The California Raisins, singing Marvin Gaye’s 1968 Motown hit, Heard It On The Grapevine was born. Indicative of the Advisory Board’s continuous efforts to pitch their product in clever ways, the California Raisins soaked into the fabric of mainstream society like no other fruit campaign had done before. This is the first commercial that started the success…

Making up a whole world of claymation figures and storytelling, the California Raisin band was an immediate hit and could be seen everywhere – on tv, in print ads, and on cross-promotional advertising products across grocery store shelves. This was the kind of big-splash notoriety that the Advisory Board was after in the 1960s. With more and more customers buying raisins in the 1980s and 1990s, thanks to the singing sensations, the Advisory Board was fulfilling its mission.

Photo courtesy of Crazy for Costumes.

In 1986, the California Raisin became the most popular Halloween costume of the year. The Raisin band members were reproduced in figurine form and Heard it Through the Grapevine reached the top 100 song charts. When the Smithsonian acquired the original California raisin claymation figures in 1991, it firmly sealed the success of the Raisin Advisory Board. Their singularly beloved product was now beloved by all.

Unfortunately, the sweet taste of success didn’t yield the type of monetary compensation that was hoped for when it came to the raisin growers. The Advisory Board disbanded in 1994 after struggling to balance the costs between promoting the raisins and keeping the growers profitable. Creativity can be harsh that way. Sometimes clever doesn’t equal capitalism. But in this case, it sure did produce some fun art and a new way to look at the world, even if it was discovered decades later than intended.

Cheers to joyful advertising, loving what you love completely, and to our little rescued poster whose celebrating its 60th Halloween this year! Hope it added a little something sweet to your holiday. Happy Halloween!

The Lost Art of Paula Peck: Egg & Mashed Potato Pizza circa 1966

In 1966, these words described her cooking… creative, imaginative, inventive, eclectic, beautifully presented, and internationally inspired. Craig Claiborne, the New York Times food editor and a beloved favorite here in the Vintage Kitchen, said “anyone who truly cares about cooking is fortunate indeed that such a talent as hers can be shared on the printed page.” James Beard called her “the finest cook I know.” Newspaper columnist Elizabeth de Sylva deemed her the “free spirit of cooking,” and food writer Gaynor Maddox labeled her “one of the most exciting, competent, and delightful guides to better dining.”

Today, here in the Vintage Kitchen, we are featuring a thoroughly modern-minded yet vintage recipe from the culinary repertoire of Paula Peck (1927-1972), who was a phenomenal but now forgotten cook popular during the mid-20th century. I use the word forgotten carefully. Since professional chefs today consider her cookbooks classics and since she still has a quiet army of devoted fans, she’s not lost to a select group, but Paula is definitely, surprisingly not part of mainstream cooking conversations like other famous names that traveled in her circle. Why is that? Was she overshadowed by bigger personalities like Julia Child or James Beard? Did her culinary prowess get dismissed over time? Her recipes simply forgotten?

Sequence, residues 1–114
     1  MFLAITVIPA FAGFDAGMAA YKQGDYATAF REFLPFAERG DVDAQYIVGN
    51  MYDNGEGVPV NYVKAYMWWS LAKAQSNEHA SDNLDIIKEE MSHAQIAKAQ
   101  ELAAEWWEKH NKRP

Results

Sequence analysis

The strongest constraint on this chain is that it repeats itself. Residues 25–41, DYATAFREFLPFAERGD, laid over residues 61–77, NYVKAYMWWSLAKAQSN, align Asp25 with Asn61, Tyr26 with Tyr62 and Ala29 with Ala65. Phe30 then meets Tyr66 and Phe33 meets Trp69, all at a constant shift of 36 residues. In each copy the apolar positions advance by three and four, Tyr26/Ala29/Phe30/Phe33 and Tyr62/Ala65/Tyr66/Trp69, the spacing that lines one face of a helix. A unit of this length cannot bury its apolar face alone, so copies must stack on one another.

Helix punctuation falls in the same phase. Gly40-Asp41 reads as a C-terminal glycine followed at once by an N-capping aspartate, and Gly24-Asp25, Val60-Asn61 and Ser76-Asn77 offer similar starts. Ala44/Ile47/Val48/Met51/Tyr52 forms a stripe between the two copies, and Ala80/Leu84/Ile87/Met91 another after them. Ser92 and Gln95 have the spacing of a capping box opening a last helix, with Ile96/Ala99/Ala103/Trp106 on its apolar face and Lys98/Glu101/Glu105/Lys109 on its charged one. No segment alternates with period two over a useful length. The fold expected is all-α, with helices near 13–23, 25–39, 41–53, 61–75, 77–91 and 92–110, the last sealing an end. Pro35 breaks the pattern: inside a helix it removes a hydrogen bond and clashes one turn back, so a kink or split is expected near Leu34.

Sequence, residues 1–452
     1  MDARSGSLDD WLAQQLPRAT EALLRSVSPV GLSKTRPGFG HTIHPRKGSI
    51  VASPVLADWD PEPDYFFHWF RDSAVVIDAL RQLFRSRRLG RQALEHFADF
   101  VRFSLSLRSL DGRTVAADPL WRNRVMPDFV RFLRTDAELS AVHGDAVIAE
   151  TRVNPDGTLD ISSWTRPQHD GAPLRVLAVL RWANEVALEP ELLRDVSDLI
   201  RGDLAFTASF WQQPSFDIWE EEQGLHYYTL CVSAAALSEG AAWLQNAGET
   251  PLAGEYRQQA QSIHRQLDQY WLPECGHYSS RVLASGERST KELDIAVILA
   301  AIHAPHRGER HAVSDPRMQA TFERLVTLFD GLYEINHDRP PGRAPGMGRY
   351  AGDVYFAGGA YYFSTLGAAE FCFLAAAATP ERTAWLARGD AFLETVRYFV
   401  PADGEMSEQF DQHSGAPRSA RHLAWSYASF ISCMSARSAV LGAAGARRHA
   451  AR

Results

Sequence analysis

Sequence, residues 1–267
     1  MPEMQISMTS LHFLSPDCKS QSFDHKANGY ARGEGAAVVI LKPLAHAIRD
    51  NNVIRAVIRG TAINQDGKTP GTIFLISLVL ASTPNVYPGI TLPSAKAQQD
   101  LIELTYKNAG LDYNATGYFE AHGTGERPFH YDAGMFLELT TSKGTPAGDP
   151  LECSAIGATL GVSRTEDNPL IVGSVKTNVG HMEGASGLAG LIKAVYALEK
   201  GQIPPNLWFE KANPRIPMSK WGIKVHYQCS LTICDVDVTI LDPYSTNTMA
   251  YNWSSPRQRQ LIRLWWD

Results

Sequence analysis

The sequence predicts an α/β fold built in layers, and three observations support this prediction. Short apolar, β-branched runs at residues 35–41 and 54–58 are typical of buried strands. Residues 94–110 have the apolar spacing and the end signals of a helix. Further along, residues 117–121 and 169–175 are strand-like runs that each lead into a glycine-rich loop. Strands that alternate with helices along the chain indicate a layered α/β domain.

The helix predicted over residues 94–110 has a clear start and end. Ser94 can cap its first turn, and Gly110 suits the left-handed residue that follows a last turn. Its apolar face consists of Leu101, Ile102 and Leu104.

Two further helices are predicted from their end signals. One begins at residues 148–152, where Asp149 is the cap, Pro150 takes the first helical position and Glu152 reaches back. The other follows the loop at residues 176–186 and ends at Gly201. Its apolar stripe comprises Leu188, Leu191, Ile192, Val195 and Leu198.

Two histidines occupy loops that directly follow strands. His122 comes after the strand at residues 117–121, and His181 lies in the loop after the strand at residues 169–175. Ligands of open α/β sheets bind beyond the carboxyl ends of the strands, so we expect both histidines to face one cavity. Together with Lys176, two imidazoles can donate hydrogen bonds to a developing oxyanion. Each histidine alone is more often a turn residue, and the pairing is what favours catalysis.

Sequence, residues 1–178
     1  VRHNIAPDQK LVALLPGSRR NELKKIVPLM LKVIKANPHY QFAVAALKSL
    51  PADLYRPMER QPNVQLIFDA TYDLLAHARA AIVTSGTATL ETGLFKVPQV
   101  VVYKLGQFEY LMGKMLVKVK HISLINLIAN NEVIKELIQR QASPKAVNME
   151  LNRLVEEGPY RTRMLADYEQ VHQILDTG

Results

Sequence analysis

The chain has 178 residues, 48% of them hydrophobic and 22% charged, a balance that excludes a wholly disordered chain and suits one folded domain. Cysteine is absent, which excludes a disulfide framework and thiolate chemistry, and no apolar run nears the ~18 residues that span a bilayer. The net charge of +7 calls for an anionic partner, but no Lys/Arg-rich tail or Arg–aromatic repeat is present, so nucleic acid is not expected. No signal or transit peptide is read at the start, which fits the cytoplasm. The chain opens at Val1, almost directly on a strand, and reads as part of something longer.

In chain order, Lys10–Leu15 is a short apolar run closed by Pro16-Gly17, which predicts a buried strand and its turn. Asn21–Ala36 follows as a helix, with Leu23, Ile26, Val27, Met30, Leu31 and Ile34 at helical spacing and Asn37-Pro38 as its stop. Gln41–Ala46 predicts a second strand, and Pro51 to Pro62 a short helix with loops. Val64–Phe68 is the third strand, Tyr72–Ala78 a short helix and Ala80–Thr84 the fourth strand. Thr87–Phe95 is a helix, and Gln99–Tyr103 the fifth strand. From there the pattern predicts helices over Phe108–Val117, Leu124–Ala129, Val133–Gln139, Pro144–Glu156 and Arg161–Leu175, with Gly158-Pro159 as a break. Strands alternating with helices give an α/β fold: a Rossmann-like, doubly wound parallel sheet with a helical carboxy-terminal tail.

In order to try to figure out why Paula Peck is not a household name today, we need to start at the beginning and explore the details of how she came to be the topic of conversation in mid-20th century kitchens.

It all started with her spouse.

Among the many causes he supported, James Peck participated in the Freedom Rides in 1961, which protested the segregation of African Americans on public transportation. He was attacked and badly beaten for his involvement, but continued to defend the civil rights of African Americans. He is pictured here, fourth from left. Learn more about this experience in a 1979 interview here.

Paula’s husband, James Peck, known as Jim, was a newsworthy civil rights activist who worked his entire life trying to bring people together for noble and decent causes. Involved with the War Resistance League, the American Civil Liberties Union, and the Congress of Racial Equality among others, it was Jim who first inspired Paula to dive into the world of cooking after they were married in 1950. Up until that point, Paula knew little about how to create a meal. This was a bit of a tricky situation since she married a foodie. Unless she wanted to lose her husband to the local eateries of New York City night after night, she knew she was going to need to learn to cook. So as a young bride of 23, she set out on a mission to tempt her husband and his adventurous gourmet palate away from the restaurant scene, which he adored, and into the kitchen of his own home.